So open power is, I believe, the right kind of approach that we need to take for this kind of problem. It is asking government to think differently about how we actually win, and winning with is perfectly fine if it means that we’re not going to allow a group like the so-called Islamic State to recruit more recruits.

CHAKRAVORTI: I love the notion. I think it’s very nuanced, it’s subtle. It’s taking a system view of a very complex set of issues. How do we actually act on it? And Part B perhaps, kind of bring us to a conclusion, is what are some of the mistakes that we are likely to make, and how do we avoid them?

PANDITH: Let’s start with the last part of that question because we have unfortunately made a lot of mistakes over and over again. We’re making the same mistakes. The most serious right now is that, once again, governments continue to talk about the need to confront the ideology, yet they do not build out what that actually means with either resources or innovation or any kind of new formula to actually get at this.

So it’s just a lot of talking points that we go on and on and on. We’ve built a bureaucracy around this issue of ideology, when we’re actually not doing what it is we need to be doing, which is scaling the things that we have tested across the world.

Over twenty years of testing, research, and analysis, we know that it takes many, many different kinds of touch points within a community, at a local level, to make sure that there is behavioral change for the adolescents and young adults who are the ones who are being preyed upon by extremist groups.

What can we do to stop that connection between the bad guys’ narratives and the appeal of that ideology by these young people who, by the way—let’s remind ourselves the armies that the bad guys are trying to build with young people who have not yet come to maturity for the most part. A human brain does not get developed until the age of twenty-four. We are not using behavioral scientists to help us understand how to disrupt the way the bad guys are going after these young adults. We ought to be bringing all of those kinds of lessons into the game.

So today in 2019, as we look at the global threat that we are facing of a rise of hate and extremism, we have to do three really important things.

First, we have to commit ourselves to doing all that we can do as government, as private sector, and as citizens to make the appeal of this ideology less appealing. That means that, in a very small way, individual actions within how people talk about the other, what happens in schools, how we talk about hate, how we educate parents about how the bad guys pray upon folks, how we think about companies making a difference within communities to work with NGOs that are actually in need of their cultural data and how they understand behavior, what I call the cultural listening skills—those people that really understand how humans behave. We have so much data there that we’re not using in a way to actually fight hate. We have to deploy everything that we can.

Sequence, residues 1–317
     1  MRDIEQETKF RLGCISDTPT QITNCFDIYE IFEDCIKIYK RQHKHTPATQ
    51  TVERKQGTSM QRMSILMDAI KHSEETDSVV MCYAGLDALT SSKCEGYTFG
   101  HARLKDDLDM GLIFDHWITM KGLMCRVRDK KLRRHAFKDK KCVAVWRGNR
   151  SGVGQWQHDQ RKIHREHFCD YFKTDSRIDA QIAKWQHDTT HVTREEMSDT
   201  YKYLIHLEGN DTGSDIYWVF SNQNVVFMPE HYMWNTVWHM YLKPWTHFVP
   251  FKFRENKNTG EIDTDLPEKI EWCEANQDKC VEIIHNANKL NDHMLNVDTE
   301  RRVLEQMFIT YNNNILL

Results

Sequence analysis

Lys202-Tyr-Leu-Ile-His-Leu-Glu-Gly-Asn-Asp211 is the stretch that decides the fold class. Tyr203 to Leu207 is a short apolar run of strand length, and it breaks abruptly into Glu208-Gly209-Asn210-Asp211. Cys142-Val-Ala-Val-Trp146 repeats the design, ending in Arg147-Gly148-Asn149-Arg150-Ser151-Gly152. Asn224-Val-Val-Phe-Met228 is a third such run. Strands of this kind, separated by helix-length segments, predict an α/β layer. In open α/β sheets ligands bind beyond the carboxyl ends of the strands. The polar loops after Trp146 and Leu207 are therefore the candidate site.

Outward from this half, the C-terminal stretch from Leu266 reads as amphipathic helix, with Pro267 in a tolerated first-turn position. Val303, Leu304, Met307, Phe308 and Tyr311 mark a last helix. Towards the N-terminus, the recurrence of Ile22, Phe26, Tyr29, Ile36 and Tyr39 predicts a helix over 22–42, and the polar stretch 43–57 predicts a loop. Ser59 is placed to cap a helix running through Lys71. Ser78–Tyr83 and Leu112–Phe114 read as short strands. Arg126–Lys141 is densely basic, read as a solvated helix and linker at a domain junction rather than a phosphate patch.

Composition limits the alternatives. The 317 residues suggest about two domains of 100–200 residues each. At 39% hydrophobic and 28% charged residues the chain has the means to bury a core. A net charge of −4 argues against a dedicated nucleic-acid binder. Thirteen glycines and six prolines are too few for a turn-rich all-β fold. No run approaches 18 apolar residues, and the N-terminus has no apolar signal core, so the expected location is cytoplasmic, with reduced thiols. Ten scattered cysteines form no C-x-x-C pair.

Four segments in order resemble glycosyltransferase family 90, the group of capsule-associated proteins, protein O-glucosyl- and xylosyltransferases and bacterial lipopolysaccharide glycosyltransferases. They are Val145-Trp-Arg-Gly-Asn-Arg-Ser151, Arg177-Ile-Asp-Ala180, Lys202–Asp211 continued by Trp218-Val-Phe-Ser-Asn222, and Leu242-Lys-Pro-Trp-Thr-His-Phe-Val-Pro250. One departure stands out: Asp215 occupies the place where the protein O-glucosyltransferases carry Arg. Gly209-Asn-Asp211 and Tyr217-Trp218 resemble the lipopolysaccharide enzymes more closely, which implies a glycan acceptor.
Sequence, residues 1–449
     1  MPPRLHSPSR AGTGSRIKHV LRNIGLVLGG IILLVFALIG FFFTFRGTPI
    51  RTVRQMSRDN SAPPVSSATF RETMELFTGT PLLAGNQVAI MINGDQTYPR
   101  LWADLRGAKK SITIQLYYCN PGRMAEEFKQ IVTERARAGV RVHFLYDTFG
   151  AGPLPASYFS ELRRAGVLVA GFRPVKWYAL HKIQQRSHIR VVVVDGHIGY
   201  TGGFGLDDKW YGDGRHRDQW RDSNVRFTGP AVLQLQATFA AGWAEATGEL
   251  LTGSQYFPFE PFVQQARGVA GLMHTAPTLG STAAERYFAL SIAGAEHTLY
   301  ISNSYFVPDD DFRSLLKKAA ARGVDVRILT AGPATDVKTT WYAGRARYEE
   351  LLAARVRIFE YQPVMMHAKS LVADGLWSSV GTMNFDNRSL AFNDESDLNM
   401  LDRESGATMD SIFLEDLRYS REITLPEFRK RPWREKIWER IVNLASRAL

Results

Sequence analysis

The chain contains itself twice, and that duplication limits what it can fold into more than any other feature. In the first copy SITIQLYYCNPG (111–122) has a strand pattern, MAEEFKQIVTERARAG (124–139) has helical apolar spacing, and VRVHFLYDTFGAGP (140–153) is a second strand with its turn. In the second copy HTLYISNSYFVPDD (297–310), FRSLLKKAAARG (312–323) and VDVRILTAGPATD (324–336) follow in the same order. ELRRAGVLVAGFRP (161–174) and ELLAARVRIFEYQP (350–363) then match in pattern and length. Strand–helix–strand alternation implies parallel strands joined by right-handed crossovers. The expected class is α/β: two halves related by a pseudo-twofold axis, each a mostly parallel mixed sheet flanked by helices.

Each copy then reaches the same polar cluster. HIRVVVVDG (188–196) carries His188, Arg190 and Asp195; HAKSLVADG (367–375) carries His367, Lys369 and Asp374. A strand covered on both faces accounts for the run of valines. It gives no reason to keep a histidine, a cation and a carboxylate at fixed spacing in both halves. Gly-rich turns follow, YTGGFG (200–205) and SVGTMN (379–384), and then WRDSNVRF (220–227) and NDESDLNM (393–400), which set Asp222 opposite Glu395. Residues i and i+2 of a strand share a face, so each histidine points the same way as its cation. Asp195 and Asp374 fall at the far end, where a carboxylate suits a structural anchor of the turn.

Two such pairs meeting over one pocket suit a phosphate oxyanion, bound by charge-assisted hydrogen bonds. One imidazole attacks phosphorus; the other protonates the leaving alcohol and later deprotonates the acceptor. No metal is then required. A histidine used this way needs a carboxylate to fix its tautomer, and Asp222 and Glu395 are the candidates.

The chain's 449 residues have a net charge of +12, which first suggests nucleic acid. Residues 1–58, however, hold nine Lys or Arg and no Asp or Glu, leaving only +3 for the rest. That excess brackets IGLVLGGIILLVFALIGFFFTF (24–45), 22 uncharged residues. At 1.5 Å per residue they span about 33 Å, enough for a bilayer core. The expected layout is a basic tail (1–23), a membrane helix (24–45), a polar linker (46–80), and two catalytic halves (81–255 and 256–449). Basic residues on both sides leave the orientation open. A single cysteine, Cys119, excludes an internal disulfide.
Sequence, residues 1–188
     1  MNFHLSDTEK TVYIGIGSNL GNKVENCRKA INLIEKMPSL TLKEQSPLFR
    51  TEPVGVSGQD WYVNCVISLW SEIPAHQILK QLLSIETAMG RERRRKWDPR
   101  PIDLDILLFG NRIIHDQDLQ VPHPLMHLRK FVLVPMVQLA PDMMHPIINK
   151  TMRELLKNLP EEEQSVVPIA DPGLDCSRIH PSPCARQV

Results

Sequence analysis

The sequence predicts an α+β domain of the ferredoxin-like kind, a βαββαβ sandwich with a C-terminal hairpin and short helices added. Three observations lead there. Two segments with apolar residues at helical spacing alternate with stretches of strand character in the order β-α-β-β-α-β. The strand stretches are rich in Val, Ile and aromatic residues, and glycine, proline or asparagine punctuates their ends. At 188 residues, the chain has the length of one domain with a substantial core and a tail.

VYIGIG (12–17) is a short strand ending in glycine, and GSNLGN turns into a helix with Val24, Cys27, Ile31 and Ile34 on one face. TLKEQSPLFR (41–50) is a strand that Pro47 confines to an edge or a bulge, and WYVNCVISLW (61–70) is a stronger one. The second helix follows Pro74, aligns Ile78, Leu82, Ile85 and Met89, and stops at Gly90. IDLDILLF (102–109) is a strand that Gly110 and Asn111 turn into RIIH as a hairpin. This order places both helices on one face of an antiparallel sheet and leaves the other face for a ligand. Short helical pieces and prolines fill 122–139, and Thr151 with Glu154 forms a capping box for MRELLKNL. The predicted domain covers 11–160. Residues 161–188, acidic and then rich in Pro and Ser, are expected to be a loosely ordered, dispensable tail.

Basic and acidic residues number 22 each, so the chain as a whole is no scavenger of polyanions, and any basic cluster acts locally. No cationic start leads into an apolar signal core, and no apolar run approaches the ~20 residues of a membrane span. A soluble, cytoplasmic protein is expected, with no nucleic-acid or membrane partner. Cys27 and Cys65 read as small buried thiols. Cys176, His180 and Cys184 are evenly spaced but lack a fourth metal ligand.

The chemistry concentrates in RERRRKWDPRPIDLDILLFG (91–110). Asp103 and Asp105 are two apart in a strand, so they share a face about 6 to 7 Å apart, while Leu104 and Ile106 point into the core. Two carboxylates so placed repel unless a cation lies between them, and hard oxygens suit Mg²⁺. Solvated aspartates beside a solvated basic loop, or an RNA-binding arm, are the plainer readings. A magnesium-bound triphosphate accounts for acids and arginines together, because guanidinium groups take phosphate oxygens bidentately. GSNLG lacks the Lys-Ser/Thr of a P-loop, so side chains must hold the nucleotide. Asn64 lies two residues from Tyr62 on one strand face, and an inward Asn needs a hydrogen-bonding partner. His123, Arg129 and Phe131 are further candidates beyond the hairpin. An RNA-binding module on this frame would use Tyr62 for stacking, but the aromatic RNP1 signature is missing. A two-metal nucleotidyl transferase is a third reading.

And then the third—and a really vital part of this—is the stuff that people get very uncomfortable about. And that is to look within ourselves about what it is we stand for. We are not asking difficult questions about what we choose to do. We keep suggesting that this idea of hate is something out there and it’s somebody else’s thing.

But each human on this planet can choose to act a particular way. And those independent nano-interventions that we make in a day-to-day fashion can in fact make a huge difference in the way in which the ethos of a community feels, even if that community is very small. I’m writing this book because I believe in what’s possible for each human being and I want people to understand that it comes from a position of optimism and hope in all of us.

CHAKRAVORTI: Great. We’re looking for tons of that optimism. Thank you, Farah.

PANDITH: Thank you so much.

HOST: Thanks for listening to this episode of Tell Me More. Please subscribe and rate and review us wherever you get your podcasts—and to be the first to hear about new episodes, please follow Tufts University on Twitter, Facebook, and Instagram.

We’d also welcome your thoughts on the series. You can reach us at That’s T-U-F-T-S dot E-D-U. Tell Me More is produced by Steffan Hacker, Anna Miller, Dave Nuscher, and Katie McLeod Strollo. Anna Miller edited this episode and Heather Stephenson wrote the introduction. Web production and editing support provided by Taylor McNeil. Our theme music is sourced from De Wolfe Music. And my name is Patrick Collins. Until next time—be well.

Recommended links: Twitter / Facebook / “Muslim Millennials and the Lure of ‘Sheikh Google’”

Back to Top